(IMAGES COMING SOON!!!)
Hi Rick, thank you for taking the time to answer some questions for me. We should probably start at the beginning, when and how did you come about getting into the world of photography?
'I was a keen hobbyist photographer from my mid-twenties. I’ve always been an ‘artsy’ type of bloke into literature, music and visual art. I went to see an exhibition of photos by Yousuf Karsh at one of the Manchester galleries (I can’t remember which one now) and they really struck me and awoke my enthusiasm. However, for a while I was strictly amateur. As a job I’m really a writer but photography slowly started to play a more significant role. One thing I did back then was cover bands for magazines so I took my camera to gigs to provide images to go with my articles and reviews. Also I used photography as a means of not going completely mad: writing is a solitary occupation, you can spend days on end in your flat or house in total isolation if you are not careful. Photography became a strategy to get me out of my flat and mix with people. Slowly photography became more significant and I actually started to make money out of it and get published in magazines and displayed in galleries. So it kind of happened by accident.'
Photography, especially online, tends to fall into specific genres and/or gets described as being a specific style. The trouble with this is it's quite subjective, the style someone views an image to be can often differ to the style the person creating it views it as. How would you describe the work you are putting out there?
'Yes, I agree, it is a tricky one. I think with me I can describe myself as a bit of a traditionalist – although many of the models I have worked with tend to be more ‘punky’ or ‘alt’ in appearance, my style is not particularly experimental or challenging. At heart my photos are classic portraits and I don’t claim them to be anything else. I’m not out to be ground-breaking or revolutionary.'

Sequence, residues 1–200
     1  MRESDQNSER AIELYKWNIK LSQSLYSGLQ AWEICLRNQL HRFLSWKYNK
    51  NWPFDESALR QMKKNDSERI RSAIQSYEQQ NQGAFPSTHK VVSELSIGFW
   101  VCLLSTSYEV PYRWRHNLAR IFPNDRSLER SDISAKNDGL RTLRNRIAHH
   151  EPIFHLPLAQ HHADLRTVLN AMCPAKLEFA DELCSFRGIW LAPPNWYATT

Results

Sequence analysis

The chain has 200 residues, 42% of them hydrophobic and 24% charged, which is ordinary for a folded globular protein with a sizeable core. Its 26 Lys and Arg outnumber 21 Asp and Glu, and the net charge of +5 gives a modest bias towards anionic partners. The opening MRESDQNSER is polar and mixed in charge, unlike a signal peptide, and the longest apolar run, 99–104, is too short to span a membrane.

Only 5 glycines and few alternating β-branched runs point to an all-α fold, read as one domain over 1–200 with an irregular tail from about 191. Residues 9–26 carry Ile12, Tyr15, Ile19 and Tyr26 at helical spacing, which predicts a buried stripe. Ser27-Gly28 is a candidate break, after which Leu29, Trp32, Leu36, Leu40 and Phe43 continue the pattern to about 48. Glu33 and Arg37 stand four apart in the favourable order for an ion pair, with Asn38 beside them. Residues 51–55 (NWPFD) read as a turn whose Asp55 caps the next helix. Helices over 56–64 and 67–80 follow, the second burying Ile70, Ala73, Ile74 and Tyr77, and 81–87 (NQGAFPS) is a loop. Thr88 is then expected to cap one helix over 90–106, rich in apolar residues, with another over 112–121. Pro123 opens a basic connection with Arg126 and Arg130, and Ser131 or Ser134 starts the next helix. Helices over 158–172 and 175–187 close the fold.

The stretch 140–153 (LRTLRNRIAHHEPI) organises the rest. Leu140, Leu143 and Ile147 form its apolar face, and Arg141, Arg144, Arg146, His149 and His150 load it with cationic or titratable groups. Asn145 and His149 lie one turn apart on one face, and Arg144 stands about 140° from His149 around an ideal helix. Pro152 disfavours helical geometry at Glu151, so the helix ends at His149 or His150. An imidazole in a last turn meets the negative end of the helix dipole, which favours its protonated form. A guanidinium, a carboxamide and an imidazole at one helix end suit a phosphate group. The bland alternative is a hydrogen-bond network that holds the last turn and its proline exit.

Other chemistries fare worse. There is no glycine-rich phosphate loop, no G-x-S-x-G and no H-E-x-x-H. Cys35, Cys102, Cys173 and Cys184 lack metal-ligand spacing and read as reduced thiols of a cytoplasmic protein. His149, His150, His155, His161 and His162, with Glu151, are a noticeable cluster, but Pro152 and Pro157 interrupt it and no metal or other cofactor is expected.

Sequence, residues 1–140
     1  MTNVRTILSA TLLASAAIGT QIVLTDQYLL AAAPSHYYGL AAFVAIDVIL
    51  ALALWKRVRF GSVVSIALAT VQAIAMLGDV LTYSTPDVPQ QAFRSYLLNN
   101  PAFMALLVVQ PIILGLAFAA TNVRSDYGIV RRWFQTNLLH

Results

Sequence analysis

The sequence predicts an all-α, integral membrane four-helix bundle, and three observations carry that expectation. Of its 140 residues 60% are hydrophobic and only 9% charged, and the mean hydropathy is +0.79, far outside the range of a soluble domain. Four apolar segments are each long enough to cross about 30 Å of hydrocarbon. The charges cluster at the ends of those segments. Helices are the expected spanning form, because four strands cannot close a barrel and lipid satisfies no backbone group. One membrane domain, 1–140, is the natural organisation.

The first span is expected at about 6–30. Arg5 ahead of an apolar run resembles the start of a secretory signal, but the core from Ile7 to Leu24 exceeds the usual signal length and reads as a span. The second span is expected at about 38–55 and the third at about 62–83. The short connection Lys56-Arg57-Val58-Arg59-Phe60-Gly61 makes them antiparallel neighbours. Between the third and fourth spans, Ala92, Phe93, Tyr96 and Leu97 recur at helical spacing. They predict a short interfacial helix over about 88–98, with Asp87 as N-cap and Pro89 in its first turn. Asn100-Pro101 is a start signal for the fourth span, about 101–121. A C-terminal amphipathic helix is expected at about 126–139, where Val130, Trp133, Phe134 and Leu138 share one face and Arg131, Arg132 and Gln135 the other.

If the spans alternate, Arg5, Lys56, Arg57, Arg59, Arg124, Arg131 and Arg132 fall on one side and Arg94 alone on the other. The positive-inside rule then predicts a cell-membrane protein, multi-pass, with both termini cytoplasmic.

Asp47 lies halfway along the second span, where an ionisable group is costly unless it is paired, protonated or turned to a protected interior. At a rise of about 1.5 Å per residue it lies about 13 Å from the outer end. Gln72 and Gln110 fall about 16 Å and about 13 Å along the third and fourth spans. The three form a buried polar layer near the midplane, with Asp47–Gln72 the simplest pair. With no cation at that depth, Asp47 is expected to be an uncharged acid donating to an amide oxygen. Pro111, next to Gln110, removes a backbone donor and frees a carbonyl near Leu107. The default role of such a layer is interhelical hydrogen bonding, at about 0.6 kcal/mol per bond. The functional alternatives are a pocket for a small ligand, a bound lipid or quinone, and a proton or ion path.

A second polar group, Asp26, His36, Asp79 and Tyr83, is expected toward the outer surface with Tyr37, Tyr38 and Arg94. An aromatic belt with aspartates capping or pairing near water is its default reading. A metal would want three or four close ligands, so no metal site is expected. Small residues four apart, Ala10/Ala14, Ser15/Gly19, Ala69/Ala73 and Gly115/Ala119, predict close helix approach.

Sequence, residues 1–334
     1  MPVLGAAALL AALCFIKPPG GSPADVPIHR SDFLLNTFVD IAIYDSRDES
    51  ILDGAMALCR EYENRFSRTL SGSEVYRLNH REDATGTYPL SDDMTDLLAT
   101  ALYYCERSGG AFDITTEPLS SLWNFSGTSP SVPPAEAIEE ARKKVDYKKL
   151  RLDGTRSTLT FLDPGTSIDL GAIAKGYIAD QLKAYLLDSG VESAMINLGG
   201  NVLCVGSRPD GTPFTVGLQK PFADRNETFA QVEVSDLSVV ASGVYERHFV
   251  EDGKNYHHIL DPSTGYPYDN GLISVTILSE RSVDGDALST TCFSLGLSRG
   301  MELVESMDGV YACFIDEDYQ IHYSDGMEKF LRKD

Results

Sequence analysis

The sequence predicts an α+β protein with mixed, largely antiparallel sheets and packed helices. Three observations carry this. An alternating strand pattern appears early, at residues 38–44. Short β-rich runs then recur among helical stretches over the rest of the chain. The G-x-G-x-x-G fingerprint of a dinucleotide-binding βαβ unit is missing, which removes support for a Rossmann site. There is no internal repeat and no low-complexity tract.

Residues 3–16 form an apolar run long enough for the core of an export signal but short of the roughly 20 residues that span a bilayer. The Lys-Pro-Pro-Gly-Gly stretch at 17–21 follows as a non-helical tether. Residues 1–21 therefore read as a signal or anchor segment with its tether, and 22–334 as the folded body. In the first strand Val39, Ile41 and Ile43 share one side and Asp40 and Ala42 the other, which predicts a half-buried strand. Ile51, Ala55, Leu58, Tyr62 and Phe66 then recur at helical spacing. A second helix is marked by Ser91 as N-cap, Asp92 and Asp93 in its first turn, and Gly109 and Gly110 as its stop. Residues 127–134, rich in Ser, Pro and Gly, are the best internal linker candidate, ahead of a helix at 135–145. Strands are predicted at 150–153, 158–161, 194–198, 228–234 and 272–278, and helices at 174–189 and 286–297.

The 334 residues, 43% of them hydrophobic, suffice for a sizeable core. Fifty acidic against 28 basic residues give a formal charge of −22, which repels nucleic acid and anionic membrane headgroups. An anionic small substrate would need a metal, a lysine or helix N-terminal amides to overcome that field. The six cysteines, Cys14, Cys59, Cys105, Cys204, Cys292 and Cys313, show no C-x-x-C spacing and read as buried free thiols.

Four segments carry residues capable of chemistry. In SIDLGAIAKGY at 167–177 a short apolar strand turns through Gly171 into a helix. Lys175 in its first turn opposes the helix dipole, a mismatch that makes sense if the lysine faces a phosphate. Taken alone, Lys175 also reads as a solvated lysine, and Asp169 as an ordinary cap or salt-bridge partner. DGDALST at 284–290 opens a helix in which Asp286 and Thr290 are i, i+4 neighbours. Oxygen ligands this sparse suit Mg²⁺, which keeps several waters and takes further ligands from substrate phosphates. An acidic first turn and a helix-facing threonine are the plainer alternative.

Photography can have it's share of problems. I personally have a particular problem with self confidence. This confidence issue can and has caused me issues with my photography. Do you find any aspects of photography particularly challenging?
'Self-confidence is not really a problem for me, although I would hope that I am not arrogant and retain a healthy critical attitude towards my work. The principal challenge for me at the moment is trying to broaden my portfolio. My work is predominated by photographs of attractive women, who by and large tend to be in their twenties or early thirties. This is fine on one hand, but I do want to photograph more men and older women. I’m finding it hard to find willing subjects though.'
In my series 'Foto Inspiration Friday' I share the people, images, places etc that I find give me inspiration. Who, or what, or where do you draw inspiration from?
'I still love the work of Karsh, but also have a huge admiration for David Bailey, Terrance Donovan and Richard Avedon. I also adore the photographs of Peter Lindbergh, who I think is an absolute genius. So, your classic b&w portrait and fashion photographers are my most immediate and obvious sources of inspiration. However, I’m also hugely inspired by the cities I live and work in. Manchester is my home and I love working ‘on the streets’ as it were. I love it's dramatic and contrasting cityscape: love the way you have a load of huge gothic Victorian buildings right next to ultra-modern architecture. I love its business and creative and often subversive atmosphere. I not only utilize it as a dynamic backdrop to my work, but also when possible try and portray that immediacy and excitement in my work itself. But I love cities generally. I’ve adopted Berlin as something of a second home. It’s got the same kind of vibe as Manchester.'